Note: I wrote this piece many years ago. It was originally published in the SCBWI Bulletin. After the recent live chat on school visits, I was asked to post it as a blog. It is also available on my website: http://www.vickicobb.com/:
As an author of science books for children, I have been the guest speaker at many schools across the country. Because I was a teacher, I don't do the typical program of discussing how I write. Instead, I do a performance designed to get kids interested in science. Usually my books are sold at my appearances. But there are a few places where they have not been sold and I have come across a negative attitude toward the selling of books at an author's appearance that prompts this article.
There are all sorts of reasons to bring an author to a school both on the part of the children and the author. An author's appearance "makes books come alive." It shows kids that "authors are real people." Authors have enough visibility to pass as "famous" in our celebrity-crazed society, thus making the visit a special event. They are usually articulate and can present an entertaining program that reinforces interest in their books. For authors, school appearances promote their books and have a residual effect, putting their name on the map in a school for many years to come. It also gives them feedback on their readers' reactions. But, in my opinion as an educator, there is only one truly important reason to have an author come to a school: namely, to motivate kids to read. Presumably, meeting an author in person can create a demand for his or books, particularly when the author writes, as I do, on less popular subjects. If an author excites and interests kids, the author is invariably asked, "Where can I get your books? If the books are not at hand, the moment is lost. What baffles me is why a school that has spent some of its limited resources to bring an author to the school, obviously caring about "enrichment," does not understand how to optimize the educational experience it has created.
One argument against selling books is simply school policy: nothing is sold to kids at school, period. Any exception to the rule would somehow open a Pandora's Box of ills. In this kind of thinking, kids are characterized as avid consumers, easily manipulated by the excitement of a performance to spend money they don't have on a frivolous impulse. The schools' role is to protect them from such exploitation. A superintendent recently said to me, "If you were a rock star, the kids would want to buy your CD." I found myself in the ludicrous position of having to point out to the educator that I am not a rock star, and it might do some good in the fight against boredom, video games and drugs to create a demand for science books along with the opportunity to fulfill it.
Another argument is, "We live in a mixed socio-economic district and we don't want to put pressure on poor kids to buy things they can't afford." My most popular books are paperbacks that can be offered in schools at a discount, priced at under $4.00. From what I hear about certain poor districts, kids have money for Nintendo, VCR's, candy bars and sometimes drugs. Why not put pressure on them to buy a book? I once signed a book for a poor child in a small village in Alaska. It was a hard cover and I didn't know he hadn't yet paid for it when I wrote his name in it. When he realized he didn't have enough money to pay for it, he was offered a less expensive book, one he could easily afford. But no. This was the one he wanted. He would bring in the money the next day. The librarian told me that there was no way his parents would give him the money to buy the book. Yet the next day he did, in fact, return for it. It was clear that this book was precious to him. Imagine! A poor child valuing a book! A small event yet one with enormous implications for the thesis that education is a way out of poverty. One reality of society is that often we think things are valuable only when we have to pay for them. And if this is yet another way to instill a value for books in children, we are remiss if we don't offer the opportunity.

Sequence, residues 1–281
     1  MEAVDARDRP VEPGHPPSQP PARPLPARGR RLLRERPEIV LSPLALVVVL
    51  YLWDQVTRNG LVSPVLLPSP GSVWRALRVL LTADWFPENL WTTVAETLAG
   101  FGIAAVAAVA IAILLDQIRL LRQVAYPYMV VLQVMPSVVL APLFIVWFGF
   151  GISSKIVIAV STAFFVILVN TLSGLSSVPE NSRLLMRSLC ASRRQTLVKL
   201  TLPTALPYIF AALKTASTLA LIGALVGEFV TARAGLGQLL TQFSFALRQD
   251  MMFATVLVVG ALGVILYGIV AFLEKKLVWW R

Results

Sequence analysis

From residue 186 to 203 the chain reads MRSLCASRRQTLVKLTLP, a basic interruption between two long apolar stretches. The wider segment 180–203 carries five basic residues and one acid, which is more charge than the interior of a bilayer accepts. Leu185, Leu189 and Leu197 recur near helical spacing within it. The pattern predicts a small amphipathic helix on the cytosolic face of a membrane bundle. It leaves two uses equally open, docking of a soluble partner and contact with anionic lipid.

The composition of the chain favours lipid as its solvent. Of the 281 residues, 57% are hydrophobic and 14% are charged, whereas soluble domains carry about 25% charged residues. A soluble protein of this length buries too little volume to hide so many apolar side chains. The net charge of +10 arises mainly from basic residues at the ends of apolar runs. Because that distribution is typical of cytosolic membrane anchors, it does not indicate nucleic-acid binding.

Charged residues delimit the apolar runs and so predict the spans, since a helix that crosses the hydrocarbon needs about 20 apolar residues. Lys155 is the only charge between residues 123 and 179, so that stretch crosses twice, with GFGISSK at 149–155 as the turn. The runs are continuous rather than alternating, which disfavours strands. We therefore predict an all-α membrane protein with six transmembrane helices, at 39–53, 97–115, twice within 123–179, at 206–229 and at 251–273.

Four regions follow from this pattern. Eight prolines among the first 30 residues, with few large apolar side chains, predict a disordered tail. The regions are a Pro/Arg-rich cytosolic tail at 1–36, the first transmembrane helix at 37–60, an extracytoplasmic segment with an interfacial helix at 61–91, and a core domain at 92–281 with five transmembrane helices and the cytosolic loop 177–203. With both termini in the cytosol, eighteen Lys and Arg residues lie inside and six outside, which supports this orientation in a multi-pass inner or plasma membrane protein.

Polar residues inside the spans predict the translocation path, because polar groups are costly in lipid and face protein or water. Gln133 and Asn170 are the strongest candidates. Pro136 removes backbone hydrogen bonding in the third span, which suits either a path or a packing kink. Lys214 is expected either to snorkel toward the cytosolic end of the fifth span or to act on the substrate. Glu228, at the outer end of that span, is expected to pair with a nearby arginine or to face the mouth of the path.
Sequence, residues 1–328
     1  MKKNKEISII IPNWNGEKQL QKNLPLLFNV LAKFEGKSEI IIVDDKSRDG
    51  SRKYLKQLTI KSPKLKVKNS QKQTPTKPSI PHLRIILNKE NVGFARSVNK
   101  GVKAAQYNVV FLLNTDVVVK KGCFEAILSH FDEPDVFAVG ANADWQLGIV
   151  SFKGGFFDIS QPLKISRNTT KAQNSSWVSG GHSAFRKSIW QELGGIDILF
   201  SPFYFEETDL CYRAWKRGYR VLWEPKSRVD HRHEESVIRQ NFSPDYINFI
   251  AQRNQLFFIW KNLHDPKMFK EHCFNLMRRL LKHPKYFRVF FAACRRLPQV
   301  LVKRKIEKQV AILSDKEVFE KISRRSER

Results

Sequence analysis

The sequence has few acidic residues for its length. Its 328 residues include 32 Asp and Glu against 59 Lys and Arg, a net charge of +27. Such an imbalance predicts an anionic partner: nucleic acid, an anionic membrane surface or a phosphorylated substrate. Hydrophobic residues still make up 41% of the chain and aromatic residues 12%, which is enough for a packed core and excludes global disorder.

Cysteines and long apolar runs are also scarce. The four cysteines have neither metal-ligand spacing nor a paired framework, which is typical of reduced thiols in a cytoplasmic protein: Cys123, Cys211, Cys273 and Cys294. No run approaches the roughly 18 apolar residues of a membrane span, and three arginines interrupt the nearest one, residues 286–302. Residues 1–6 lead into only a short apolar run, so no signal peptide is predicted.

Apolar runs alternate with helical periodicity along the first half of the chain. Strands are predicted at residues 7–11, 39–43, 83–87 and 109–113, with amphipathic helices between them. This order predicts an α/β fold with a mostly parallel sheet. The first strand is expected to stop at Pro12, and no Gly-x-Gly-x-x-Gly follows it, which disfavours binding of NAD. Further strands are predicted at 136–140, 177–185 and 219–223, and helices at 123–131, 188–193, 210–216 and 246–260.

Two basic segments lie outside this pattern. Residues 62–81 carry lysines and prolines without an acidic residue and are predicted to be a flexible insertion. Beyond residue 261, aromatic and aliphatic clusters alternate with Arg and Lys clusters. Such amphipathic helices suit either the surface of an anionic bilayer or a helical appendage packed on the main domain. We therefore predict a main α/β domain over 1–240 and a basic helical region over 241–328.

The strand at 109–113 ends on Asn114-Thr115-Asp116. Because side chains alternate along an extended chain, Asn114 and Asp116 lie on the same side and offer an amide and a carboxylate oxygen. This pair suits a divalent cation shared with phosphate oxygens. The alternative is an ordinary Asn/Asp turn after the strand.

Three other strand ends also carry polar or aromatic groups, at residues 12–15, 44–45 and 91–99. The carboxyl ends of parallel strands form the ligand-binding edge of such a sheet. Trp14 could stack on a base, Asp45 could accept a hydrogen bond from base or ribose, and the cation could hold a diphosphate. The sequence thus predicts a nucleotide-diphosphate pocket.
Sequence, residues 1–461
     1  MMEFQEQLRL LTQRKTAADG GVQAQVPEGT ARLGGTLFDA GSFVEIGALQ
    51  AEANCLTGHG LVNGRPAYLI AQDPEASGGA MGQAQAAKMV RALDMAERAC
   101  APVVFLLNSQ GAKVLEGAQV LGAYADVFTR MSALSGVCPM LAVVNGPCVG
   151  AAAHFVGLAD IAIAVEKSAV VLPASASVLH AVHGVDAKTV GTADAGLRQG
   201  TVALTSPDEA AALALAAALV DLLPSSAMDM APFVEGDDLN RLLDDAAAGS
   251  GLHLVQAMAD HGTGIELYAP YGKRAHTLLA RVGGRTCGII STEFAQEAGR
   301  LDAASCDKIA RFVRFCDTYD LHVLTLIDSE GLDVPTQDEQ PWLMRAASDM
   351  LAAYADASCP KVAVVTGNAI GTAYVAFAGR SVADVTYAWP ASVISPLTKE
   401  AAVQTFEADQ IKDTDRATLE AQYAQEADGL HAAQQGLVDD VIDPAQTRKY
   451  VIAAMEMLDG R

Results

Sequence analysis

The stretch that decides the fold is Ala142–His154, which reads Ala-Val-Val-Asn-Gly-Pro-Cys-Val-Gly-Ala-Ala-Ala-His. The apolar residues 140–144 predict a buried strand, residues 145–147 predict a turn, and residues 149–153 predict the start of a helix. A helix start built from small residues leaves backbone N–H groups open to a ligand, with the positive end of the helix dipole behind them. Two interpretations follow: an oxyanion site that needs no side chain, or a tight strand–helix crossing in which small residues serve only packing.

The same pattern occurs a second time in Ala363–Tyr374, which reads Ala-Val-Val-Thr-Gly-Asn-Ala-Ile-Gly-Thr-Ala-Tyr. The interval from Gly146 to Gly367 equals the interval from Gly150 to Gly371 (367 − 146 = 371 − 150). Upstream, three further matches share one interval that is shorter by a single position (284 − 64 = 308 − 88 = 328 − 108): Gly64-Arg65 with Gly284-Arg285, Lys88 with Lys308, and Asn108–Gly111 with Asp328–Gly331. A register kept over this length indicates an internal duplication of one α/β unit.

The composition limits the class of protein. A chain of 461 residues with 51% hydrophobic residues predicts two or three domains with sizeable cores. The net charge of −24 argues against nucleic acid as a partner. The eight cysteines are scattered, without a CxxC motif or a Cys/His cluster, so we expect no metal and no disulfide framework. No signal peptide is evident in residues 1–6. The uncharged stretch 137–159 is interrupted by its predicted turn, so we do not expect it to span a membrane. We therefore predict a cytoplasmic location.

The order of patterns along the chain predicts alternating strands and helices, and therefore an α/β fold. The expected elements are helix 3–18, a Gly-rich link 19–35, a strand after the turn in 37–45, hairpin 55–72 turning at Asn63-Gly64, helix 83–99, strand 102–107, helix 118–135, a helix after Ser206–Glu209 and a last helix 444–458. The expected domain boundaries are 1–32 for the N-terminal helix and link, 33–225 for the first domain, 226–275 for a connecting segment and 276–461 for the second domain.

Finally, there is the unstated insinuation that we authors are money-grubbers who want the royalties as part of our fee, and the schools will have no part of such greed. Personally, wearing my educator's hat, I don't care if only the $4.00 books are for sale at my appearances. Every book sold frees up the library book for a kid who truly can't afford it. The royalties will hardly amount to anything, let alone make me a rich woman. In fact, a career as a children's book author is hardly a get-rich-quick scheme. On the other hand, children's book authors are often viewed at schools as career models. If we make our living writing books, should we then be put in a position of apologizing for the fact that they are for sale?
In the real world, people earn money selling something of value, whether it's a product or a service. My fee for a day's school appearance pays for three entertaining, highly motivating programs for hundreds of children. If books for sale are not made a part of the day, the library cannot handle the demand. I become simply another entertainer for a passive audience of kids all too accustomed to being entertained. That momentary flicker of interest in reading a book quickly dies for most kids if it is not immediately reinforced. At a time when our educational systems are under fire, when students are turned off and dropping out, we can't afford to waste any opportunity to involve kids as active participants in the learning process.